When a person dies, his or her estate may have to pass through a process called probate before distributing to heirs and beneficiaries. Probate is the court-supervised system for assessing the deceased’s debts and assets, fulfilling the estate’s existing financial obligations and passing on the remainder to designated parties.
When a person makes a will, he or she also designates a personal representative, or executor, who will help wrap up the estate’s affairs.
One of the personal representative’s first duties is to identify, collect, safeguard and value estate assets that will have to pass through probate. This may include bank and investment accounts, real estate and life insurance policies as well as personal property.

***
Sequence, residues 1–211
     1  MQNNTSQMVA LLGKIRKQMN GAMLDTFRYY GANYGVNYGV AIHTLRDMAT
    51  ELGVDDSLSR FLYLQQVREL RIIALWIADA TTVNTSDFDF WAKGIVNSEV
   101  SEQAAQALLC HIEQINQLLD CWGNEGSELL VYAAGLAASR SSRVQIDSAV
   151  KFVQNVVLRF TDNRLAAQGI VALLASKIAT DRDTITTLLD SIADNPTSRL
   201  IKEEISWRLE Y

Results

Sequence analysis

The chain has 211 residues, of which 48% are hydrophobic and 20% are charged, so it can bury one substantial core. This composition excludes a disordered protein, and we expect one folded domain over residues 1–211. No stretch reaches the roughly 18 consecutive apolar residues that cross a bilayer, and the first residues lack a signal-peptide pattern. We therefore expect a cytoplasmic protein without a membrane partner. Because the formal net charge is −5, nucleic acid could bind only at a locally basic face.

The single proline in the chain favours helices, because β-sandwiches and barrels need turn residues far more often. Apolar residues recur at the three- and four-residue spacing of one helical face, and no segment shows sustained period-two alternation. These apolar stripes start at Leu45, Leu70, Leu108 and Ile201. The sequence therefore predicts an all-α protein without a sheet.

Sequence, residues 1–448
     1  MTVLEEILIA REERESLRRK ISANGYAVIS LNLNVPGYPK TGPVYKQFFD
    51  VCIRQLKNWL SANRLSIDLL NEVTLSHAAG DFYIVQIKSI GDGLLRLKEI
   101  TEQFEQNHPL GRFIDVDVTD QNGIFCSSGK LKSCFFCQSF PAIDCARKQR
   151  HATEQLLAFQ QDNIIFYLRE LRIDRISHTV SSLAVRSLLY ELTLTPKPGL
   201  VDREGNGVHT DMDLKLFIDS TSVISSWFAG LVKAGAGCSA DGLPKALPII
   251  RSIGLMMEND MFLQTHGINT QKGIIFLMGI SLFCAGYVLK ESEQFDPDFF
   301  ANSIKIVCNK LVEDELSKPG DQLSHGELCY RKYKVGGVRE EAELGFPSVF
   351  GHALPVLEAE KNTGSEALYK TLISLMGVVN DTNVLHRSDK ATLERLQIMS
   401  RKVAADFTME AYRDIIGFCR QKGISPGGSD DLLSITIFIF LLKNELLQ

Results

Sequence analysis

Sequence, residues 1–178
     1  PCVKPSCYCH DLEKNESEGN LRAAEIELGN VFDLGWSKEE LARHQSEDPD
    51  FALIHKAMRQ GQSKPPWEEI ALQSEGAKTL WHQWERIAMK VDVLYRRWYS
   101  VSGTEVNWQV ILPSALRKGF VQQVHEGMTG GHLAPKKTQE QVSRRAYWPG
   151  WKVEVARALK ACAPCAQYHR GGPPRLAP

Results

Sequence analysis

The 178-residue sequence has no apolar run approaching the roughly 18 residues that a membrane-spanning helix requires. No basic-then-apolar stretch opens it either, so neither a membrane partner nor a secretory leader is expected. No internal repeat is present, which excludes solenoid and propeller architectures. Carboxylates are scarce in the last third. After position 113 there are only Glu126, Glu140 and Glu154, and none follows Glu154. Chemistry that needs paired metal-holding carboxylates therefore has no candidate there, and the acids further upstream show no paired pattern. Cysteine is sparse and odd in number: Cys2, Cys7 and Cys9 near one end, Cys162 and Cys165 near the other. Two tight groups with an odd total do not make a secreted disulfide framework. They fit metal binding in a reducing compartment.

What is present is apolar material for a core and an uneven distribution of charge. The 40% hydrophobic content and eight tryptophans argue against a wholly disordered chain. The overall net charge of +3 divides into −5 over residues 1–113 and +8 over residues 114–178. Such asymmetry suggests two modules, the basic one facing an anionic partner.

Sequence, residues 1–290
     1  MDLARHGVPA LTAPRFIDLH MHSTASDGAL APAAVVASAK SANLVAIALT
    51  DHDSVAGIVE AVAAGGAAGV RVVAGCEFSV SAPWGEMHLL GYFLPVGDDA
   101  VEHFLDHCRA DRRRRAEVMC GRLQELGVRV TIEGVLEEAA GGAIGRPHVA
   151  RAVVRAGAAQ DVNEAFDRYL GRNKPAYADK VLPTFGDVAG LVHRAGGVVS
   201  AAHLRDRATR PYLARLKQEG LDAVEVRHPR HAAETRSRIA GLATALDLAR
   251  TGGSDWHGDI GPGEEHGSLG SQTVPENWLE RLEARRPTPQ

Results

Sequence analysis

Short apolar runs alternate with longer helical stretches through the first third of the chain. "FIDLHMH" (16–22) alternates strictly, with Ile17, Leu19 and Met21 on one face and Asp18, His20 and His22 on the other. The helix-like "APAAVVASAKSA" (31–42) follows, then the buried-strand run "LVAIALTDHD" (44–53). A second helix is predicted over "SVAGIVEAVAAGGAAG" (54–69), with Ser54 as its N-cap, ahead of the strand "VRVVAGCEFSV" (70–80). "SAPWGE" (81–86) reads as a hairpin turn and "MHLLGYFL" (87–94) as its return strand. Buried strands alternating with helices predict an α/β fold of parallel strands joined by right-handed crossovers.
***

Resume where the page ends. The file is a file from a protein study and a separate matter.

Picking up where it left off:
Informing interested parties
The executor must notify those with an interest in the estate that the probate process has begun.
Notifying creditors and fulfilling debts
In addition to publishing a general “Notice to Creditors” who may have a claim on estate assets, the personal representative must perform a reasonably thorough search for creditors with a potential claim. The executor then pays valid claims from the estate and defends assets against invalid claims.
Completing final tax returns
The personal representative is also responsible for completing final state and federal tax returns for the deceased as well as paying any outstanding taxes due.
Paying for estate administrative costs
Finally, personal representatives often benefit from professional services when handling an estate. From certified public accountants and appraisers to investment and legal advisers, the executor may be able to use estate assets to pay for these administrative services.
It is essential that personal representatives understand that they may be personally liable for mistakes made during probate. Those taking on the role of executor should make sure they understand their responsibilities and meet all important deadlines.